I get a little aggressive in interviews sometimes and McCullough had to remind me that they're only three weeks in.

"We built the model well enough so that we can grow to scale before we need more capital - our goal is to get the system working so that it's efficient for job seekers. And hey, we're three weeks in..."

In regards to growth plans he says, "we're going to work out of the midwest first. Since users are generating our content it's easier to go from regional to nationwide than to do it in reverse."

The results have been very exciting so far he told me, especially at the point where the value of the system gets tested - the sending of the job lead itself.

He told me that about 1/3 of job senders remain anonymous and pass along the name and address of the key contact person. Another third give their name - somewhat as a reference - along with the name of the main hiring contact. And the most surprising is that 1/3 of users have (indicated that they) hand delivered the name of the person directly to the person in charge of hiring.

Follow up Questions for McCullough
1) How do you ensure that job leads are actually passed on?
2) What do you think of LinkedIn? Clearly they've built a business around a job social network. What did they do right? Are they a competitor?
3) What if a given company's hiring manager joins WhoToTalkTo and my job lead is no longer valuable or necessary in your system?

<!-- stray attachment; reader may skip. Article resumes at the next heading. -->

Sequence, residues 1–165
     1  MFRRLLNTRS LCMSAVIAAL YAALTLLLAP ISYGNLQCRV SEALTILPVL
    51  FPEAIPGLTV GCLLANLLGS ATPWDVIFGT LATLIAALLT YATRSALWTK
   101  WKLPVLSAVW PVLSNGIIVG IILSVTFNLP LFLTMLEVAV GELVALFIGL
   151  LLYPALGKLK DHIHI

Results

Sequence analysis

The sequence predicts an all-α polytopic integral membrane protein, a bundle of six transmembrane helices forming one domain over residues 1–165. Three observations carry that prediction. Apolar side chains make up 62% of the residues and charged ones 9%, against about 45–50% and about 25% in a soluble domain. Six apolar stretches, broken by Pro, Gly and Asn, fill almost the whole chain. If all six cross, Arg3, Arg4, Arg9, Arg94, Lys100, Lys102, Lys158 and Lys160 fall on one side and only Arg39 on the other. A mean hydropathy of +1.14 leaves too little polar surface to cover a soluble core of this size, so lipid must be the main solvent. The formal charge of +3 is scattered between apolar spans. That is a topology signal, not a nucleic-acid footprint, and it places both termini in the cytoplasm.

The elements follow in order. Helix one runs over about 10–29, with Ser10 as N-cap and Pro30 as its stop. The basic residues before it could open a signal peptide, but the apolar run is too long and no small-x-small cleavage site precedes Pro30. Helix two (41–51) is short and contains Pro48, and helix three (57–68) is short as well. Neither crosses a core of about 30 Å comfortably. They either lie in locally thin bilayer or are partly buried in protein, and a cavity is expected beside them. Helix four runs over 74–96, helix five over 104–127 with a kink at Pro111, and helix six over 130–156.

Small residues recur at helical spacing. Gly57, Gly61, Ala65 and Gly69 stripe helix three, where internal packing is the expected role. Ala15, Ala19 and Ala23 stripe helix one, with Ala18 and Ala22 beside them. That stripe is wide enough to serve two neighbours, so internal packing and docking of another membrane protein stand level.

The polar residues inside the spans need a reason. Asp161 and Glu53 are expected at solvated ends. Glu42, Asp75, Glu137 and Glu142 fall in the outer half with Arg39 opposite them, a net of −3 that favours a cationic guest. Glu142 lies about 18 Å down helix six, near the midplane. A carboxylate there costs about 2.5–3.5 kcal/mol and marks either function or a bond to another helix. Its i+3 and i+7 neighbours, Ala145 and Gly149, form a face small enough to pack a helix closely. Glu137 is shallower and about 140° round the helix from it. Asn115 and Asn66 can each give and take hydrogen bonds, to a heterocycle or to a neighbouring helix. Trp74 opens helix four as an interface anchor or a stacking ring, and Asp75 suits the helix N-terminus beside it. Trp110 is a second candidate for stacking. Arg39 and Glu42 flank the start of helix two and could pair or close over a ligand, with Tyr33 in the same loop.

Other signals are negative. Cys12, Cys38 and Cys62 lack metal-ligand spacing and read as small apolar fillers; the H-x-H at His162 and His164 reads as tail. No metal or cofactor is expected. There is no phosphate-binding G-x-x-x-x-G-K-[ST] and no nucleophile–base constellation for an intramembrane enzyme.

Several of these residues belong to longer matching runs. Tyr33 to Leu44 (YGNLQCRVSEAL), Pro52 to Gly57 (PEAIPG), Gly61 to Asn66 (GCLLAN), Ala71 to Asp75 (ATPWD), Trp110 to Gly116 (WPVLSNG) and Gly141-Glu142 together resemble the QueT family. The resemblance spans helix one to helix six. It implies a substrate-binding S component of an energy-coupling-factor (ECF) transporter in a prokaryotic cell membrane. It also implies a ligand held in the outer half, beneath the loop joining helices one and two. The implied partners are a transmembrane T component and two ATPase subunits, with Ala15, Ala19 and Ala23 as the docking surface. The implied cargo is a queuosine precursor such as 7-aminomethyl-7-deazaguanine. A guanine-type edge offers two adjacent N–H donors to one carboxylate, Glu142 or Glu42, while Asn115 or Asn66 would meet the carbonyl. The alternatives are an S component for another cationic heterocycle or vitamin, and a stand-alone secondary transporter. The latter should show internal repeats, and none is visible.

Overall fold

Also see McCullough roll up his sleeves and converse with commenters in lifehacker.

By Garrett at 08:56 AM | Comments (1)

(1) Thoughts on Brian McCullough on the Mechanics of His Social Job Search Engine WhoToTalkTo

1) Users have 48 hours to deliver on requested referrals. If no delivery is made, the points are returned to the requesting user.
2) I'm not sure LinkedIn is doing what we're doing. They're one kind of job search tool and we're another. We're not doing strict social networking; a better analogy would be to think of us as peer to peer job searching. Users exchange information like people trade songs on P2P sites. LinkedIn will help you if you want to work at Company X and you have a friend of a friend that works there. WhoToTalkTo can help you if you want to work at Company X but don't know anyone connected to that company. SOMEWHERE out there, there's somebody that works there and can give you the inside scoop and we help you find them. We're more about making connections that wouldn't be possible otherwise.
3) In that case a user can always modify their referral or post a new one. Right now you can post up to 5 referrals and earn points on each one. But I'm not sure in the example you describe that the lead would no longer be valuable. After all, if my manager posts his contact info on WhoToTalkTo, I still might have some valuable insight on how to impress him... like, for instance, what sort of qualifications he values most, or that he's a huge Dallas Cowboys fan and an easy way to butter him up is to talk football.

Comments by Brian McCullough : Tuesday, December 12, 2006 at 01:28 PM